The Way of the Pinball

Gridiron Underground Blog

The Way of the Pinball

Share on FacebookShare on TwitterShare on Pinterest

Ever wondered how you might persuade a group to follow you into battle, walk out in protest against the food served in the cafeteria, or perform a polar bear plunge into Lake Ontario in February? 

Maybe you’ve seen the video online. The inspirational locker room pep talk by Toronto Argonauts’ head coach Michael “Pinball” Clemons before the 2004 Grey Cup game against the B.C. Lions. This is everything you imagine a pep talk to be, a passionate winning of hearts and minds directed toward a single purpose. I used this clip in the original film version of Gridiron Underground, the film that prompted the writing of my book of the same title.

You can watch as Pinball — most of the country knows him by this moniker — works the room, the modulation in his performance ranging from near frenzy to calmness. The players in his charge are about to take the field to compete for the nation’s top football prize. If victorious, he will become the first black head coach in the history of the Canadian Football League to win the Grey Cup. But he is not thinking about personal glory at this point. He wants to win this game for his players, because at this moment they are more than a collection of paid professionals. They are family.

 “Part of it is this,” he punches his open palm for emphasis, “if you truly care about somebody, and you’re willing to work together with them, and you’re truly willing to do it, not just for your own good, but for their good first. When you think about somebody else first they truly become family.”

And how do you demonstrate your love for your brethren in the gridiron trenches? By paying the required price. You have to hit somebody. And you have to keep on hitting for sixty minutes. Because if you let up for even a minute, you are letting your family down. And family is what’s important, even in football.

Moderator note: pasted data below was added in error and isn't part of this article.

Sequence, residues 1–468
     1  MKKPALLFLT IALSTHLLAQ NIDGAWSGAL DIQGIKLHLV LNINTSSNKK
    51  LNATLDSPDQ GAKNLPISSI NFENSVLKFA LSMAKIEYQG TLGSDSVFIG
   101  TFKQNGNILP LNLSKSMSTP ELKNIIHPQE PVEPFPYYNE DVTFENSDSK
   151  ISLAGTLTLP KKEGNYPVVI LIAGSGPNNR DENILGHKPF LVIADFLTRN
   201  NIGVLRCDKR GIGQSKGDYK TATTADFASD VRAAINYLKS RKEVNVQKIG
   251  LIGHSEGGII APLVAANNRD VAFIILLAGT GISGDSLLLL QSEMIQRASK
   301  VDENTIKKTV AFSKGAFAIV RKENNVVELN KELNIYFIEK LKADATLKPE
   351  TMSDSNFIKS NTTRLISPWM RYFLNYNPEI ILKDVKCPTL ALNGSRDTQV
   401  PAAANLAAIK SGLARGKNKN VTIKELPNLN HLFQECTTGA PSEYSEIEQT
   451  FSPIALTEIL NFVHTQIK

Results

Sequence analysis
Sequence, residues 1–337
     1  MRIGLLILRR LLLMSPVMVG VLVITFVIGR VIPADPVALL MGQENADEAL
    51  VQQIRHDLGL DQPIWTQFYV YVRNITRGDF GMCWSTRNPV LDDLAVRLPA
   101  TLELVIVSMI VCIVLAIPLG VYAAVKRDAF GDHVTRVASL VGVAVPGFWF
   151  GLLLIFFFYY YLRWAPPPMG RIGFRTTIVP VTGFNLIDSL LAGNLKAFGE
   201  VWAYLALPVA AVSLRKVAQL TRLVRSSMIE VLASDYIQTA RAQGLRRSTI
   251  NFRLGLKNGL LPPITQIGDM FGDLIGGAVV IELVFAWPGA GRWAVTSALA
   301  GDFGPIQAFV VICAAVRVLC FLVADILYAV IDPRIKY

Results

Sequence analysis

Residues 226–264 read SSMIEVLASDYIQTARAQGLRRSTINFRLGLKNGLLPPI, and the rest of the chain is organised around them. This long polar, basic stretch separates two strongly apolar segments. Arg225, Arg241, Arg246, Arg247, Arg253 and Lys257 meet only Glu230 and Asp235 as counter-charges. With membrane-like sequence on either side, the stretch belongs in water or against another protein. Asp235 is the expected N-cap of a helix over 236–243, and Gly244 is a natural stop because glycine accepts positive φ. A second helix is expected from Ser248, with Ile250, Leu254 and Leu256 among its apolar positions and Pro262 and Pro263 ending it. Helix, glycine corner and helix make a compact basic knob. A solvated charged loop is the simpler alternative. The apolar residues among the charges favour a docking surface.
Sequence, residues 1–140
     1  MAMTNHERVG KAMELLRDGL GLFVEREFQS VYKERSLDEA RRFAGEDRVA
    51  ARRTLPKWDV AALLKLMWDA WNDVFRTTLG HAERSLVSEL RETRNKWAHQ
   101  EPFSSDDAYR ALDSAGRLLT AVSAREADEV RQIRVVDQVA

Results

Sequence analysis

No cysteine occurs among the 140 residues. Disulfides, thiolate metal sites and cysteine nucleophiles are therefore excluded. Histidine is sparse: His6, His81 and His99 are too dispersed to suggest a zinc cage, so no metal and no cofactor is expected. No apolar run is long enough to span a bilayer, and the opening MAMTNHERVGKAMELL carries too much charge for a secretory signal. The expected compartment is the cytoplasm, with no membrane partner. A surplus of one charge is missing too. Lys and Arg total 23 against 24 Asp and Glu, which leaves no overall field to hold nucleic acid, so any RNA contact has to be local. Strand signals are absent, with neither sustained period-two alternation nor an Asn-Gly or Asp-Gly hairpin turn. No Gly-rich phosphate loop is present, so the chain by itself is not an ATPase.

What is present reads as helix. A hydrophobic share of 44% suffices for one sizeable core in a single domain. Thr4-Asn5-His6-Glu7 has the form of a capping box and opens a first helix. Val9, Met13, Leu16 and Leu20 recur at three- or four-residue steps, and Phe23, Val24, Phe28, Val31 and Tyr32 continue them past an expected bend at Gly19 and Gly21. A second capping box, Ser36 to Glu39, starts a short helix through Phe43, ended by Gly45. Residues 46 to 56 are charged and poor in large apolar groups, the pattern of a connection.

“What’s the word?!” he demands.

“Hit!” they respond.

Not the kind of message you deliver as a driving instructor, but it plays well in a locker room. That’s what makes football unique, the hitting. There’s no escaping it. Every play begins with the crashing together of two opposing lines of armoured bodies. Out of this organized mayhem comes a moment of success or failure. Then they line up and do it all again. 

“We’re talking about playing this game at a level that nobody, nobody, NOBODY in ANY LEAGUE, ANYWHERE, has ever played this game!”

And in case they have forgotten what it takes to get to that level …

“What’s the word?!”

“Hit!”

No one says a word but there is a distinct buzz in the air. The team is on the Launchpad waiting for release.

“Who are we?!”

“Family!”

“WHO ARE WE?!”

“FAMILY!”

And suddenly the show is over. Like that moment in the theatre when the screen goes dark and the credits pop up before you even realize the movie is over.  Players rise to their feet, elevated in some psychic way. The message may be familiar, but the execution is flawless. For the one minute and thirty-five seconds it takes for Michael “Pinball” Clemons to deliver his pre-game speech, each player has forgotten his own fears and anxieties. He is part of something greater.

One team. One family. Grey Cup winners.

 

 

James R. Wallen

Posted by Dundurn Guest on March 27, 2018
James R. Wallen photo

James R. Wallen

James R. Wallen is a writer and filmmaker. He has written professionally for television, radio, the stage, and film, including documentary, animated, and feature films. He has also published two novels. His documentary film Gridiron Underground aired on PBS in 2017. James lives in Sarnia, Ontario.